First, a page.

Mitigating Risk in Alternative Student Transportation

Many districts across the country are using alternative transportation options, but there are still quite a few that are leery of the risk it could mean for them.

There are things that districts can do to help mitigate the risks associated with transporting students, specifically when it comes to small-capacity vehicles. Whether the district is providing transportation, or it’s being contracted with a compliant provider, there are industry standards that should be met to help mitigate risks to the district. 

• Insurance: While insurance minimums for small-capacity vehicles are smaller than those of a bus, districts should make sure all state requirements are met for personal auto-liability insurance minimums. The district should look for sufficient commercial auto policies for both the provider and/or any subcontractor that provides transportation in small capacity vehicles. The district can also request to be added as additionally insured on the provider’s commercial auto policy.

• Proactive Drug Testing: A zero tolerance drug and alcohol policy, that only requires reporting to either the provider or the authorities, is insufficient when transporting students. Zero tolerance policies should be coupled with drivers’ enrollment in a drug and alcohol consortium that requires pre-employment, post-accident, reasonable suspicion, and random drug screening. 

• Driver Background Checks: National, state, and county background checks should be conducted for all drivers prior to them transporting students.

• Driver Sex Offender Registration Check: Before transporting students, all drivers should have to pass a sex offender registration check.

• Proper State Regulations: Not all states have existing regulations surrounding alternative student transportation. Check the regulations in your state and begin to advocate for the creation or modernization of regulations that will help keep your students safe while allowing for flexibility in routing and transportation efficiency.

Technology also plays a part in helping to reduce risks associated with transportation. Different types of platforms available to parents or district staff can help ease tensions and provide information that can’t be shared in any other way.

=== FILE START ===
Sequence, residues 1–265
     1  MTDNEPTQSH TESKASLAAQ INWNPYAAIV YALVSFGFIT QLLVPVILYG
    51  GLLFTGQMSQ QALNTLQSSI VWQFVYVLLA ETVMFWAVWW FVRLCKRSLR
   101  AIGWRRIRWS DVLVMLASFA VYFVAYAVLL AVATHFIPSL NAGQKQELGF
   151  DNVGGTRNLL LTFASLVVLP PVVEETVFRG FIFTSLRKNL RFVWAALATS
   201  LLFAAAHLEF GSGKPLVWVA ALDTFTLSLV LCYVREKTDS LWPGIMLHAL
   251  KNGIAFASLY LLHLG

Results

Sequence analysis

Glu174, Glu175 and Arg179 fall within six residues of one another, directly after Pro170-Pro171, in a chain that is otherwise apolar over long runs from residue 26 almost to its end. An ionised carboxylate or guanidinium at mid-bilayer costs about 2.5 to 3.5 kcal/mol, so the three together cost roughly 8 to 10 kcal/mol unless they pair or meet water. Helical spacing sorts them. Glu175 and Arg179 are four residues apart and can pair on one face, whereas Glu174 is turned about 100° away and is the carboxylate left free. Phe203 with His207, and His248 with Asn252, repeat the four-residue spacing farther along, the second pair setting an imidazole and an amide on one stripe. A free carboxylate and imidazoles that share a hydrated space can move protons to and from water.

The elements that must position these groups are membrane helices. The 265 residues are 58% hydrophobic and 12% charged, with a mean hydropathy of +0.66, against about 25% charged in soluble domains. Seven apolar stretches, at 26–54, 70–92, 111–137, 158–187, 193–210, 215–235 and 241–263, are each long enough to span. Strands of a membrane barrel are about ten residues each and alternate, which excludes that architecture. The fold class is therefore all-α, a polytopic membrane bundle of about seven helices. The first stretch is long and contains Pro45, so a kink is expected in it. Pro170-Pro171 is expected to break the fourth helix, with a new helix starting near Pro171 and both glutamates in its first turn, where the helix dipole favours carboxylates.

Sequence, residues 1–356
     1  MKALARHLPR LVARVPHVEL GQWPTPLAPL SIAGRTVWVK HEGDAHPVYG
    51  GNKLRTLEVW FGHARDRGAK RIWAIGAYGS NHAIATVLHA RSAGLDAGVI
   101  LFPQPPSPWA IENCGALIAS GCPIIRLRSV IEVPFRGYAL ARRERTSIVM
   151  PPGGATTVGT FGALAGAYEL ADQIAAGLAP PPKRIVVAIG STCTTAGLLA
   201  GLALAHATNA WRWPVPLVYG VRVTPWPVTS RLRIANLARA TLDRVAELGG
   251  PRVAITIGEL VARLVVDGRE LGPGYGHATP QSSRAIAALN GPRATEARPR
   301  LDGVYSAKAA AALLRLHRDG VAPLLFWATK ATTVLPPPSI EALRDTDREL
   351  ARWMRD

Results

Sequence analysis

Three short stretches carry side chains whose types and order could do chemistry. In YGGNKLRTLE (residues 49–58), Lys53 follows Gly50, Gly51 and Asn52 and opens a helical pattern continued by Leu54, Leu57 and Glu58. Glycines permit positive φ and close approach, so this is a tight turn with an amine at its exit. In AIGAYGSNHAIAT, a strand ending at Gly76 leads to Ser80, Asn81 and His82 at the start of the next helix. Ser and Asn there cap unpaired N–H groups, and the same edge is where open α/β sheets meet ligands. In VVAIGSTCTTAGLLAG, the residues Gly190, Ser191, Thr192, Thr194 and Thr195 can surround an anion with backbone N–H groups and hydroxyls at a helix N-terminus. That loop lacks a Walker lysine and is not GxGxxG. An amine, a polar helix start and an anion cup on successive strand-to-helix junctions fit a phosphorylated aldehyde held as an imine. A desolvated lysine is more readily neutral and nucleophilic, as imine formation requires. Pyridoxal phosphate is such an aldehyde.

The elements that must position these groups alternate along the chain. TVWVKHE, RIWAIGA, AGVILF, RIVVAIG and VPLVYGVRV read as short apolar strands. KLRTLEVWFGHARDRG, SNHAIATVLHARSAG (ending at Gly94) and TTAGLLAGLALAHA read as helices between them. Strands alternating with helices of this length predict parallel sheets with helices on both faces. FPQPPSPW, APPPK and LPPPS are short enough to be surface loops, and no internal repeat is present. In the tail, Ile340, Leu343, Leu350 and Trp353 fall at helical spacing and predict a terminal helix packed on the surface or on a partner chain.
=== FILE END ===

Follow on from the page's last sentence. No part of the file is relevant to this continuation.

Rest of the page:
• Parent App: Providing parents with information about their child’s driver, the vehicle they’ll be riding in, and GPS tracking information not only helps mitigate risk, it also helps eliminate phone calls and parent concerns. It can enhance trust and peace of mind for all parties involved.

• District Portal: District staff should be able to monitor the location and arrival time of students. This can enable timely feedback and problem-solving opportunities. Including valuable reports can also help districts apply for funding reimbursement, track efficiency, track budgets, and watch for attendance patterns.

• Routing Software: Not all routing software can create routes in small-capacity vehicles. Be sure your district or provider is using software that is up-to-date and able to create smaller routes.

• Cameras: Cameras are a simple piece of technology that can help keep both drivers and students accountable for their behavior while in the vehicles. 

While technology plays a very important role in mitigating risk by allowing districts to track students, ensure compliance with provider and state driver standards, and look at reports to keep everyone accountable, it cannot replace the team of individuals helping to make every ride to and from school the safest possible. Dedicated transportation staff at both the school district and the contracted provider are a critical piece that cannot be overlooked. 

• Regular Check-Ins: Scheduling regular check-ins with your transportation provider allows for open lines of communication that can help address things like budget planning, specific student needs, and potential opportunities for optimization.

• Continuous Program Monitoring and Evaluation: Transportation teams that take the time to monitor and evaluate their alternative programs (including the service providers and drivers they work with) on a regular basis find ways to improve their programs and offer even better services to students and families. It also allows for them to find attendance patterns and possible opportunities for better communication with families and district staff.

• Timely Feedback and Recognition: While timely feedback can depend on the situation, when the entire team – internal and external – is consistently and openly communicating, issues and complaints are handled right away creating happier parents and safer students.

Comprehensively, risk mitigation in alternative student transportation starts with ensuring compliance to state requirements and industry standards, includes technology that informs and tracks, and reaches through transportation teams and the way they collaborate. Districts can take proactive measures to help mitigate risks within their transportation programs by being transparent, fostering open communication, and addressing challenges promptly. By embracing a holistic strategy that combines both technological solutions and human oversight, districts can create a safer and more efficient environment for students, ensuring their well-being on every journey to and from school.

Morgan Judge is director of compliance, regulation, and policy for EverDriven. Learn more at